Exploring the different uses of household appliances

This is the eighth post in the blog series “Plugging in: Electricity consumption in Indian Homesby Prayas (Energy Group) and Centre for Policy Research (CPR).

When and how do people use different household appliances in a day? This is an important question for electricity distribution companies that supply the electricity required to run these appliances. For instance, if the use of air-conditioners shoots up on a particularly hot summer afternoon, then the distribution company will have to buy additional electricity to meet the demand at that particular time. An equally important consideration for utilities and households is the electricity consumption of appliances in actual operating conditions, compared to the manufacturers’ claims made under laboratory conditions. In this post, we look at broad appliance usage patterns observed in India and briefly discuss new work on measuring the actual use of electricity in households.

Households’ use of appliances depends on a number of factors such as income, climate, and behavioural tendencies, among others. There is limited understanding of the household level use of different appliances in India and its variation across socio-economic conditions and geography. Studies that project India’s residential electricity consumption assume nation-wide, uniform usage hours based on few local load research studies. There is a wide variation between these usage hours’ assumptions as seen in Figure 1.

 

Figure 1: Compilation of usage hours of appliances from different studies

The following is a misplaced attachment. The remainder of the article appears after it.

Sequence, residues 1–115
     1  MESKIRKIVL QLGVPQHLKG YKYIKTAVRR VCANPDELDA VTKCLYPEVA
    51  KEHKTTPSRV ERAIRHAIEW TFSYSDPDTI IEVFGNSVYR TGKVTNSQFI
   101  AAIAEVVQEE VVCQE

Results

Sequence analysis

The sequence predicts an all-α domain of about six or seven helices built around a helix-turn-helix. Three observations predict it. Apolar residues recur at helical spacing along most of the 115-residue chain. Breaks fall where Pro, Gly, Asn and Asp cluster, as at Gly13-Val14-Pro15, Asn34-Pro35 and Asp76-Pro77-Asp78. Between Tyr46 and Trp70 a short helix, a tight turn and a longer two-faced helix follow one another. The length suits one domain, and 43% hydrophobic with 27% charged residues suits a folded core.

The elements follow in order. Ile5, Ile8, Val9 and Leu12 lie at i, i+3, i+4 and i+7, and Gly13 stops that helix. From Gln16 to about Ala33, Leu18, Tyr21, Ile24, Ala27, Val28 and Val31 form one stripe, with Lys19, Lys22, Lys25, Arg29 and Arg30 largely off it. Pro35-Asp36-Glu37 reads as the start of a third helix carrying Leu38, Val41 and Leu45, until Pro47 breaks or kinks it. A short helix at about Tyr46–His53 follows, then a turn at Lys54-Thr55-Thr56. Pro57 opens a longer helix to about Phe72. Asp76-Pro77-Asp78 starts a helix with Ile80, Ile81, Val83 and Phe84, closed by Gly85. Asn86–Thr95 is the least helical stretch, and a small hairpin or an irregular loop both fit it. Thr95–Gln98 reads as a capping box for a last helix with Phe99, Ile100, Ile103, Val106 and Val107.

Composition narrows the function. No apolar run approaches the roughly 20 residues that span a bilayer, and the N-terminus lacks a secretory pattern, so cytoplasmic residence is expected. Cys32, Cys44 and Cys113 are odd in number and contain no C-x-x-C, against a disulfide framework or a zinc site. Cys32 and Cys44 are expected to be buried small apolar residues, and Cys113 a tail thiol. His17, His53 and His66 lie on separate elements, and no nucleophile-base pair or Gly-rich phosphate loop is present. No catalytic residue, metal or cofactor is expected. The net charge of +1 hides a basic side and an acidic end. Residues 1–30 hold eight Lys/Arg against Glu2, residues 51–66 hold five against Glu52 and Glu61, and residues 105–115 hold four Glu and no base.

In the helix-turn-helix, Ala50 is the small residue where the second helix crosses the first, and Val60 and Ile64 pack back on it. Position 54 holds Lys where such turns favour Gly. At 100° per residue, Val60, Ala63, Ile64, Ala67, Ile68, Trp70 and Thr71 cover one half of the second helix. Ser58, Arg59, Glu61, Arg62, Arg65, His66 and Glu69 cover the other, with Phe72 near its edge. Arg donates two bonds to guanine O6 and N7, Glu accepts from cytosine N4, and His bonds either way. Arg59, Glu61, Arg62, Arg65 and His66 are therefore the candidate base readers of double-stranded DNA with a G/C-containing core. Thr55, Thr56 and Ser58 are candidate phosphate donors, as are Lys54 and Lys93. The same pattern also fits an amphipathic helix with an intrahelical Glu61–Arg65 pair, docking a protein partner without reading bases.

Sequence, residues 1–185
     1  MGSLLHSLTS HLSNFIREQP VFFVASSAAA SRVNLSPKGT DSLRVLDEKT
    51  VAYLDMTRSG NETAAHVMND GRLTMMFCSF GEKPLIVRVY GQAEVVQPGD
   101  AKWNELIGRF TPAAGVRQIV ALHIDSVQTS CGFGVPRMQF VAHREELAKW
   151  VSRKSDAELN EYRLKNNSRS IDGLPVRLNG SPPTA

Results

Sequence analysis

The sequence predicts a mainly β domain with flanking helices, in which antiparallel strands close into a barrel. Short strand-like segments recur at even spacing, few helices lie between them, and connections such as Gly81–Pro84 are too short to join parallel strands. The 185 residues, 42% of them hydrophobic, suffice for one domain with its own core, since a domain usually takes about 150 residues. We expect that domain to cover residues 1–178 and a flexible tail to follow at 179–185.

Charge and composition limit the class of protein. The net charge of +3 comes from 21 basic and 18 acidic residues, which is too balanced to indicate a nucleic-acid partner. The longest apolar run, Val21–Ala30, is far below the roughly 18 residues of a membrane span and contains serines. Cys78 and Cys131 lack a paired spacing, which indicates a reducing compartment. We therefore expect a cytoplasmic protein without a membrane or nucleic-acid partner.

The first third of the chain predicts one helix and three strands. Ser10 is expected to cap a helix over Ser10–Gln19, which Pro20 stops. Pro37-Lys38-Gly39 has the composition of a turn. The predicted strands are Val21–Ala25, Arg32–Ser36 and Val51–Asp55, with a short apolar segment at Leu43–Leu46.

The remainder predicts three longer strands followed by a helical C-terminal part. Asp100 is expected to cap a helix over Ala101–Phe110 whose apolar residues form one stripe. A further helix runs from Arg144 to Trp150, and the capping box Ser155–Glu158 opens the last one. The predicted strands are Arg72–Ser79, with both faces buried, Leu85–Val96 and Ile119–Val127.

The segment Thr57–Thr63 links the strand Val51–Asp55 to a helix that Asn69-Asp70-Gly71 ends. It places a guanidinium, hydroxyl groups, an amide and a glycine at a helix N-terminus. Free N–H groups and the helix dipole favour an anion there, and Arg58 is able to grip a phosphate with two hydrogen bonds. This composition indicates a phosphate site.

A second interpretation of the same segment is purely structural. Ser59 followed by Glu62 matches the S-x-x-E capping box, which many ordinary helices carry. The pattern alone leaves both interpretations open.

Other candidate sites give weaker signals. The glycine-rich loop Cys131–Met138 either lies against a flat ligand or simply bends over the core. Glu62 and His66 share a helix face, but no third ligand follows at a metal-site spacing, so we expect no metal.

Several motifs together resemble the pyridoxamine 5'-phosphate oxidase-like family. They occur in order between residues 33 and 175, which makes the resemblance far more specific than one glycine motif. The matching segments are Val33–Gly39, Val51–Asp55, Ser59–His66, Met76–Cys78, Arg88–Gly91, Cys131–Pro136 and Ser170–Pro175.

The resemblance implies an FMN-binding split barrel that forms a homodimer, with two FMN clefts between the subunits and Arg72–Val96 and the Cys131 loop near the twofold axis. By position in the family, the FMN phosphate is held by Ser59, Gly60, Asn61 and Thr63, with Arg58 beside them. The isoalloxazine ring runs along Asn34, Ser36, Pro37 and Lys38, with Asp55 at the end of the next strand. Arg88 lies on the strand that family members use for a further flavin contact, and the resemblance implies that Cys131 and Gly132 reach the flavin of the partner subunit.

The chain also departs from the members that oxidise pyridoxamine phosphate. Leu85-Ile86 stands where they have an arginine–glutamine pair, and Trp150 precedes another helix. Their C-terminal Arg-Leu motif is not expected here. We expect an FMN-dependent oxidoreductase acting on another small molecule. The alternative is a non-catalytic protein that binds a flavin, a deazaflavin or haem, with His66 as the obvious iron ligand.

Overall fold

Source: Prayas (Energy Group), Residential Electricity Consumption in India: What do we know? December 2016

The load research studies estimate appliance usage patterns based on household surveys and load analysis of residential feeders. The Bureau of Energy Efficiency (BEE) under its capacity building programme commissioned about 30 such load research studies for public sector distribution companies all over India in 2015. However, these reports are not yet public, and a better understanding of appliance ownership and usage remains partial.

While surveys provide relatively low cost means to gather insights into various aspects like appliance ownership and purchase patterns, accuracy of information on actual electricity consumption can be limited. This is because of two key reasons: (a) respondents may have difficulty in recalling the actual use of appliances; and (b) the actual power consumption of appliances may be different from the rated power consumption claimed by the manufacturer. In order to address this gap, we have initiated a project to install metering devices in a sample of households to measure electricity consumption every minute and send the data to a central server. These devices will measure the aggregate household electricity consumption and consumption from selected key appliances. We have started with Pune and will eventually extend to other urban, semi-urban, and rural areas in India. Daily (anonymous) consumption patterns recorded by these meters will be periodically updated on a publically accessible website. The project builds on our existing electricity supply monitoring initiative which measures and publishes the quality of electricity supply in about 300 locations across the country.

We briefly describe insights based on initial data recorded from selected households in Pune below.